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HomeBeef‘We anticipate herd stabilisation over the next number of years’
Catherina Cunnane
Catherina Cunnanehttps://www.thatsfarming.com/
Catherina Cunnane hails from a sixth-generation drystock and specialised pedigree suckler enterprise in Co. Mayo. She currently holds the positions of editor and general manager at That's Farming, having joined the firm during its start-up phase in 2015.
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‘We anticipate herd stabilisation over the next number of years’

Independent TD, Michael Collins, has called for a debate on culling the national herd, as he fears such a move would put 50,000 “in jeopardy”.

The deputy asked Ceann Comhairle, Seán Ó Fearghaíl if the Dáil could set time aside to discuss climate action and “the difference in the opinions of the minister, deputy Eamon Ryan, the Tánaiste and the Taoiseach on the culling of cattle in this country”.

Deputy Collins said: “The experts on the quango special advisory council put in place by the Minister, Deputy Eamon Ryan, are making it clear there will be a cull of cattle in this country.”

“The minister is delusional and continues to be in denial about this. People with suckler and dairy herds in this country are worried about what the outcome will be.

In response, An Tánaiste, Leo Varadkar, said the government is “happy” to stage a debate on the matter. He added: “There will not be any cull of the herd. That is not a proposal in the Climate Action Plan.”

National herd 

In response, deputy Collins said this “goes against the council’s advice”. Varadkar said: “We anticipate herd stabilisation over the next number of years”.

He continued: “Some farmers may increase the number of animals they keep. Others may decrease the numbers because they decide to diversify into other areas such as planting trees, engaging with carbon farming and so on.”

“We expect, in the round, to see herd stabilisation with the national herd staying at roughly the same size as it is at now.”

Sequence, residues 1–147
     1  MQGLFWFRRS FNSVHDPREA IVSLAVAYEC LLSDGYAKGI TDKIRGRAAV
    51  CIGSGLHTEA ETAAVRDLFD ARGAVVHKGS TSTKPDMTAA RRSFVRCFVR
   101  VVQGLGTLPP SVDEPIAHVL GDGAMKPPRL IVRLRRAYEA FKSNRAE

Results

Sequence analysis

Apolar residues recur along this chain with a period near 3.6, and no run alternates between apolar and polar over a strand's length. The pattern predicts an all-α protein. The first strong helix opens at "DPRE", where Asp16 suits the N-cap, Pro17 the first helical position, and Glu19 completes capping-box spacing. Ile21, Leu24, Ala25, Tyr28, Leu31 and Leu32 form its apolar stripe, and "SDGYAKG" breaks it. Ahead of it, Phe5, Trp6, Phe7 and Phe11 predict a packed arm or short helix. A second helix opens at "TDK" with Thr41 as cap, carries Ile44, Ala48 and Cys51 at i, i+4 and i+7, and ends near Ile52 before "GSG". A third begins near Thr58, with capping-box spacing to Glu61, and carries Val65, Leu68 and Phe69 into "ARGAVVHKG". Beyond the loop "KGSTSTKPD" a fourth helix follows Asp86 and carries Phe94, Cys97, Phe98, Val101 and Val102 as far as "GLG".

He believes a 10% reduction – not 30% – in bovine methane can be achieved over ten years.

“Let there be no doubt that the government believes that Ireland without its beef industry would not be Ireland.”

“Ireland without its dairy sector would not be Ireland. We are proud of the fact that we can produce nine times as much food as we need, and we will continue doing that.”

Point of clarification

Deputy Michael Healy-Rae then inputted with what he described as a “point of clarification”.

The Ceann Comhairle told Healy-Rae that “you can only have one opportunity to speak,” and he replied: “it is on a point of clarification”.

Deputy Healy-Rae asked the Tánaiste to “stop using misleading language”.

“ It is outrageous. He is codding the farmers of Ireland by coming out with that type of statement. Stabilisation means a cut,” he argued.

Deputy Collins said: “the deputy is correct” before Healy-Rae said Varadkar should “use plain language”.

The Ceann Comhairle responded, saying, “I will use plain language now”. “The deputy is out of order. Does anyone else wish o speak on the Order of Business?”

“If not, I will take it that the proposed arrangements for the week’s business are agreed to, insofar as the Tánaiste has accepted there will be a debate on this matter in the near future. Is that agreed?”

Deputy Collins said: “It is not agreed. I would like a proper debate on this.”

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